How to Seal Your Greenhouse

Cold or stormy weather can wreak havoc in a greenhouse that isn't properly sealed. Cracks around areas such as doors, electrical panels and foundations make it difficult to maintain the right temperature in the greenhouse, but sealing these areas helps ensure the plants thrive in the correct levels of heat and humidity.

A small greenhouse in a backyard. (Image: a40757/iStock/Getty Images)

Sealing Around Panels

Where polycarbonate panels connect to the frame, the two different types of material might not make a tight seal. This leaves tiny spaces around every panel. Working together, these tiny spaces can enable large amounts of air to pass through. Solve this problem by using glazing or foil tape around the panel edges. Remove the panels, apply the product to the panel edges, and then put the panels back in place.

Correcting Small Cracks

As building materials shrink and expand in changing weather conditions, small cracks might appear in areas such as the outside of doorframes or where the greenhouse frame meets the foundation. Silicone caulk seals these small cracks quickly. It works with various materials and effectively closes cracks between the wooden frame and the concrete floor. Silicone caulk lasts several years and withstands the heat and humidity found in greenhouses better than other types of caulk, such as latex.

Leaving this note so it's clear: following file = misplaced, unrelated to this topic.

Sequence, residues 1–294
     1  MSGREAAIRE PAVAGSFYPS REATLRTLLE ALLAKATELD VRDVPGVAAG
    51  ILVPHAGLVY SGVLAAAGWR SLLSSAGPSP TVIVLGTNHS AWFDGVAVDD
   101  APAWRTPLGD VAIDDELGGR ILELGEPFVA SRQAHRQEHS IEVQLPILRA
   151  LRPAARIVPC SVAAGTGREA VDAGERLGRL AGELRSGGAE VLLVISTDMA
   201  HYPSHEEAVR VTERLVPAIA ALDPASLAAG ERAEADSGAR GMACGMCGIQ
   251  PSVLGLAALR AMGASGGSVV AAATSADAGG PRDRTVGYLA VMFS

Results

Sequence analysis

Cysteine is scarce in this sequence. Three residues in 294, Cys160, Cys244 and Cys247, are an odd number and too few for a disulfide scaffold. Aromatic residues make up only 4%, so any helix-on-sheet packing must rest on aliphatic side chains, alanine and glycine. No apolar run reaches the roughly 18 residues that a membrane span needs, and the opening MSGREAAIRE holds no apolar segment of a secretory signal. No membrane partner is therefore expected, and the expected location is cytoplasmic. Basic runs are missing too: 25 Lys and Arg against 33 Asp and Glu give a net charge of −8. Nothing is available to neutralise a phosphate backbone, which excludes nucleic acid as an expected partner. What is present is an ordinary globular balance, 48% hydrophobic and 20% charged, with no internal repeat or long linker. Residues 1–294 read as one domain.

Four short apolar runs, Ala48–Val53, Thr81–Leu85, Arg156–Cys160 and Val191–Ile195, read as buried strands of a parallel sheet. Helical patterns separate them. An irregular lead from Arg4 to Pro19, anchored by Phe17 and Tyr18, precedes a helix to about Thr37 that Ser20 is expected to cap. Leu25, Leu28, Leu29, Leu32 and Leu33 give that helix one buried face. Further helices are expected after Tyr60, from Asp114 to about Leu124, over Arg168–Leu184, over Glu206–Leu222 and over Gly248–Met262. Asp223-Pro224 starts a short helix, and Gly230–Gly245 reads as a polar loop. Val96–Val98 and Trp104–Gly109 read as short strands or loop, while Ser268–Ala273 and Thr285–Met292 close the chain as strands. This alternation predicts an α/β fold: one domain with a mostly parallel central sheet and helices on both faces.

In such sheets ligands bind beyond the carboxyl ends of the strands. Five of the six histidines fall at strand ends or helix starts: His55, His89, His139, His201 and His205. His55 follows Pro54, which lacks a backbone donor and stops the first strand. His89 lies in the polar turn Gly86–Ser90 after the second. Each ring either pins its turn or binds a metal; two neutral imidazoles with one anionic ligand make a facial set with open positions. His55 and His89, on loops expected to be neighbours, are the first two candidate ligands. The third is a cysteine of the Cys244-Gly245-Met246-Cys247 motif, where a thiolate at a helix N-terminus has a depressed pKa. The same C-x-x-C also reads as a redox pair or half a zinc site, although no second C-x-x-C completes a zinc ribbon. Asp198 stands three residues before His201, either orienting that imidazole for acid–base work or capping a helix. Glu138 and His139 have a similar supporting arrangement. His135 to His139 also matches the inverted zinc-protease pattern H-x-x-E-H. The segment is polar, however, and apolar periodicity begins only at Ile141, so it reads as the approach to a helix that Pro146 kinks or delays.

Keeping Doors and Vents Sealed

Doors and vents allow valuable fresh air into the greenhouse, but they should only do so under the owner's control. Cracks around the edges can disrupt the careful balance of temperature and humidity inside the greenhouse when the owner doesn't want air to enter or escape. Installing foam tape around the edges creates a tight seal around the doors and vents when they're closed without keeping them permanently closed the way caulk would.

Foaming It Up

Caulk doesn't work well on larger cracks, such as those 1/2-inch wide or bigger. These openings often appear in areas such as where the frame meets the foundation or around pipes and electrical boxes. Expandable foam, usually dispensed from aerosol cans, seals these large cracks. The foam flexes as the materials expand and contract, so it should not need replacing every year.

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